Forty-six major global oil and natural gas projects, which combined represent more than $200 billion in deferred capital spend, have been shelved in part because of the decline in oil prices, according to an analysis by Wood Mackenzie Ltd.

Many projects stall from various factors. Wood Mackenzie’s team looked at delayed final investment decisions (FID) using specific criteria. Projects were excluded if the delays were factors completely unrelated to the decline in oil prices. Also excluded were U.S. and Canadian onshore, unconventional projects.

“We estimate 20 billion boe of reserves has been pushed back from a diverse range of onshore, shallow-water and deepwater projects,” analysts said. The group of 46 has a “significant number” that were “struggling to achieve meaningful progression at $100/bbl. With prices falling to half that, management has been incentivized to intervene and reset priorities, with planners and engineers asked to step back and reconsider the most cost-effective path to commerciality.”

More than half of the commercial reserves now delayed for development are deepwater projects, with almost 30% in Canadian oilsands. The grouping is 60%-plus oil/condensate.

For example, the BP plc-led Mad Dog Phase II in the Gulf of Mexico was put back on the shelf earlier this year (see Daily GPI, Feb. 3). Mad Dog and other global projects, such as the Browse floating liquefied natural gas project in Australia “face numerous above-ground, economic and technical challenges. Lower oil prices have exacerbated these issues and forced operators to delay taking FID, alongside overwhelming corporate pressure to free-up capital and reduce future spend.”

Most of the delayed FIDs now are targeting startups for between 2019 and 2023. However, if international oil companies “continue to focus on cutting future capital commitments — to the detriment of future production growth — then these dates will be pushed back further,” analysts said. “Reducing project breakevens and boosting returns will also play a crucial role.”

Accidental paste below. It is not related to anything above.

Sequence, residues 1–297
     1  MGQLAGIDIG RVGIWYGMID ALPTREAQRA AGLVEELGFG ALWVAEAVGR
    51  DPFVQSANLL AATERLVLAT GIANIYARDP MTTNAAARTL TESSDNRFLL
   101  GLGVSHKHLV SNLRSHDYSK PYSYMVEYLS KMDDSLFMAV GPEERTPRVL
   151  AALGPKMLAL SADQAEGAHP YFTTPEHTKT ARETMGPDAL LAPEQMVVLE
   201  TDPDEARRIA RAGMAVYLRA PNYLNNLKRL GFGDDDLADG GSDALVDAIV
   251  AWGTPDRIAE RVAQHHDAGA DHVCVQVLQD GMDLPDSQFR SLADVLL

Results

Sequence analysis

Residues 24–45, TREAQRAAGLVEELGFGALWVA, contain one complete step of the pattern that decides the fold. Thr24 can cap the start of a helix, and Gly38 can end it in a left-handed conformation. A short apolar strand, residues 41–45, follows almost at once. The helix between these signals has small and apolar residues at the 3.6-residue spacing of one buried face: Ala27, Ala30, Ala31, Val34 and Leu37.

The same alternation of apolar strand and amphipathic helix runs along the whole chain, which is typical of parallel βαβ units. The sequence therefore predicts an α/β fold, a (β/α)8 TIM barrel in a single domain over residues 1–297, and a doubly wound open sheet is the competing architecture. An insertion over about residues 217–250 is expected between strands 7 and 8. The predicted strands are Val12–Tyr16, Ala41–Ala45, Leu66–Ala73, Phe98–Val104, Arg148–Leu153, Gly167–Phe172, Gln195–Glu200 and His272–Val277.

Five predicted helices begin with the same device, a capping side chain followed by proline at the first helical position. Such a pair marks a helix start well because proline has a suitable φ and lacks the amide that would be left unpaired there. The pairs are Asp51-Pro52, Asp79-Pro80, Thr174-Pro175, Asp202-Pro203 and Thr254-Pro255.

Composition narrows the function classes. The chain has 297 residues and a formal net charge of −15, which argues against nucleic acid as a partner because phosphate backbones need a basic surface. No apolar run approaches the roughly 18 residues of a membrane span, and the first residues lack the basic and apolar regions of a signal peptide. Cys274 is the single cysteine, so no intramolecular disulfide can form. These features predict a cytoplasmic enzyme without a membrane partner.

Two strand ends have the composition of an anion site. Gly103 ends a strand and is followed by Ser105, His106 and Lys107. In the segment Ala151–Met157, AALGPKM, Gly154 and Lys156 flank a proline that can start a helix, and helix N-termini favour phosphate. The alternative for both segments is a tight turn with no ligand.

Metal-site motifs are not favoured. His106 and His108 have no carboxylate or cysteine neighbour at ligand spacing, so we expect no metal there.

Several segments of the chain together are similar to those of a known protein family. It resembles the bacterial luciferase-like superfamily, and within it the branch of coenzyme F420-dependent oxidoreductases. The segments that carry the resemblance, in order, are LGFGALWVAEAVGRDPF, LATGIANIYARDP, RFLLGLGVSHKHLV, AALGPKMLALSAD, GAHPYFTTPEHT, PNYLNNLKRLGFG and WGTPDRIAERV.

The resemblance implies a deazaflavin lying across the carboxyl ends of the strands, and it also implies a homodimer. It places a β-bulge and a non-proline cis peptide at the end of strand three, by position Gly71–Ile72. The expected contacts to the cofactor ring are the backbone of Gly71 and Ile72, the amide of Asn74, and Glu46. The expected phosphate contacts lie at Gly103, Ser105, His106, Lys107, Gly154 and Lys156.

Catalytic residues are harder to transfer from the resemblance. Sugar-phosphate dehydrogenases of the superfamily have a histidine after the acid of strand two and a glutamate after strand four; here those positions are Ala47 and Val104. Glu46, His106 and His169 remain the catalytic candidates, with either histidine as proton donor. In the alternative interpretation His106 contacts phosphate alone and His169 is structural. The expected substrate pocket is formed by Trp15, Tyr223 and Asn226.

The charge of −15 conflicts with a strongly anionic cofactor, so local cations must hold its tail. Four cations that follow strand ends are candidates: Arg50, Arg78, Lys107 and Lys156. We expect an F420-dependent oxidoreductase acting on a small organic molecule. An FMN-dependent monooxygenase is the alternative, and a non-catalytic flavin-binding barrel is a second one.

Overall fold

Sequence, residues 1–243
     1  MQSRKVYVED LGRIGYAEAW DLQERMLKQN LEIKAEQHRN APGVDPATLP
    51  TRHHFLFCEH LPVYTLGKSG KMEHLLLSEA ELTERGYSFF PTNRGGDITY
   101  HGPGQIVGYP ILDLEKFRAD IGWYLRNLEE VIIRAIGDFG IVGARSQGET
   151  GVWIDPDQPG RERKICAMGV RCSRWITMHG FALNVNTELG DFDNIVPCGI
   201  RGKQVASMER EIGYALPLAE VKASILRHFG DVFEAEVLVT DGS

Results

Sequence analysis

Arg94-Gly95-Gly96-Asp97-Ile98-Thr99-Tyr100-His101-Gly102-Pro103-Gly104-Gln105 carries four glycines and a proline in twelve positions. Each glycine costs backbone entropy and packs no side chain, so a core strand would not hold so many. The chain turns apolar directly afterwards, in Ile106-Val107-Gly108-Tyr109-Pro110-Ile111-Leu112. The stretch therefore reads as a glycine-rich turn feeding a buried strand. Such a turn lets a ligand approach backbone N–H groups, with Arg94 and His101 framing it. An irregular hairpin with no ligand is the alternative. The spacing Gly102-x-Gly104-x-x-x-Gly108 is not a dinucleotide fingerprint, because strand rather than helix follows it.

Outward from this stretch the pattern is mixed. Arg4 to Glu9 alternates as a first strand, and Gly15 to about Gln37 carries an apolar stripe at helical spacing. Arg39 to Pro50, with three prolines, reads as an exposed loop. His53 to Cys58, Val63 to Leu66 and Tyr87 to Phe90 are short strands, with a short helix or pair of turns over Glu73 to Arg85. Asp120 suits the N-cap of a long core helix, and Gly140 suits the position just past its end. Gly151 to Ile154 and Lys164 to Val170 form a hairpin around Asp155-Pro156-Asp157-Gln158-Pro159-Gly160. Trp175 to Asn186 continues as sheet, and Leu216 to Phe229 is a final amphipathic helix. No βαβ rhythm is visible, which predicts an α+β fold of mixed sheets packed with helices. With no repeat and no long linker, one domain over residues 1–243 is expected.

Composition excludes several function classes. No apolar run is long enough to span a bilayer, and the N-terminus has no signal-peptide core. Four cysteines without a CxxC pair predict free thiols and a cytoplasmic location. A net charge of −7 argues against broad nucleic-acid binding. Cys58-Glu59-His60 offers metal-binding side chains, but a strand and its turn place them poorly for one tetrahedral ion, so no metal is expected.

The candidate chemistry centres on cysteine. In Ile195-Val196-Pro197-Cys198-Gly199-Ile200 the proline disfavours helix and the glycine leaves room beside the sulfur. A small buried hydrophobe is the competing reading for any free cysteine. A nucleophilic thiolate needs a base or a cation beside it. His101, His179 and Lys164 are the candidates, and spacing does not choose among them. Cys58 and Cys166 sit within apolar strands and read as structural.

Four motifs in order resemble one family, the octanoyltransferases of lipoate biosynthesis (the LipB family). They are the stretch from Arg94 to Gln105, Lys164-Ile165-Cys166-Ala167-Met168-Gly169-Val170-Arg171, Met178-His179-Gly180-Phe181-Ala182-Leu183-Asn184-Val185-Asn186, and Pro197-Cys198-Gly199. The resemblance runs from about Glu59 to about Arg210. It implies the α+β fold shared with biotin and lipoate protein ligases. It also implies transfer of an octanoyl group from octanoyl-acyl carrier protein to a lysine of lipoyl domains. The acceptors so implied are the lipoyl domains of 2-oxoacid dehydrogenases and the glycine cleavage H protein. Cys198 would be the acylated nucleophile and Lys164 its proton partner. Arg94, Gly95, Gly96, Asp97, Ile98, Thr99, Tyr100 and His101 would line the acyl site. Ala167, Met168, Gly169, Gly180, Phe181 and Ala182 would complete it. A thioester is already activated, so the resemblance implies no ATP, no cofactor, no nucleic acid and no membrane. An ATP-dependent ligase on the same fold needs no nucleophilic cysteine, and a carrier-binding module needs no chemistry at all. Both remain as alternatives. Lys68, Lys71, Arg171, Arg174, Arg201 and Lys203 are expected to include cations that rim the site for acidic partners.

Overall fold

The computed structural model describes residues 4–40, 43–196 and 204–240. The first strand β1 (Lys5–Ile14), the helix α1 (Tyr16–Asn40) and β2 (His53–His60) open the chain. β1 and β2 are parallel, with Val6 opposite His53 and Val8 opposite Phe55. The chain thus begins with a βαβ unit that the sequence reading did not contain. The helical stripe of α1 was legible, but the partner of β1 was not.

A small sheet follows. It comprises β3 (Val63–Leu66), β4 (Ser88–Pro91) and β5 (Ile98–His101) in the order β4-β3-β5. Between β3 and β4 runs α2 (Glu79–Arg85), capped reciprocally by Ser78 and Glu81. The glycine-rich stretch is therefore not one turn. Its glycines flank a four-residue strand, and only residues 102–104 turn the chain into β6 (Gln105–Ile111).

Delays over the last six months have come from two major factors. To improve the balance sheet, operators have deferred discretionary spend, particularly for exploration and pre-development projects. Also, more time is being allotted for some projects to enhance production capacity, cost optimization and improve overall economics.

“By resource theme, deepwater and Canadian oilsands dominate project deferrals,” according to Wood Mackenzie. “However, there the similarities end, as the outlook for each sector is very different.”

For instance, in the deepwater, BP, Royal Dutch Shell plc and other operators “are keen to defer FID if they can benefit from deflation in drilling and subsea costs, alongside a more robust approach to project management. Nonetheless, for all of the majors deepwater remains a key strategic growth theme.”

By comparison, the outlook in the short term for investments in Canada’s oilsands “is bleak,” analysts said.

By the end of this year, “we may be able to count the number of major upstream projects that made FID during 2015 on one hand,” analysts said. “The dramatic fall in oil prices in 2014 and subsequent deconstruction of 2015 company capital budgets has by mid-year already resulted in over 45 major project FID deferrals. Together, these create a substantial hole in the industry’s investment pipeline.”

Most vulnerable are technically challenging projects with significant upfront costs and/or low returns.

“The upstream industry is winding back its investment in big pre-FID developments as fast as it can,” analysts said. “This is partly because it is one of the quickest ways to free up capital in response to low oil prices, although this process was already under way in the shift to value versus volume.”

More progress is needed for many of the delayed projects to gain traction, according to Wood Mackenzie analysts.

“We estimate that half of the new greenfield developments still produce sub-15% development internal rates of return, or IRRs…below most companies’ economic hurdle rate. This is equivalent to $20 billion of spend out to 2020, of which nearly half is invested in projects with returns below 12%.”

The number of delayed FIDs is rising. Last December, Rystad Energy estimated that based on falling oil prices, about $150 billion worth of upstream projects scheduled for FIDs would be delayed (see Daily GPI, Dec. 5, 2014).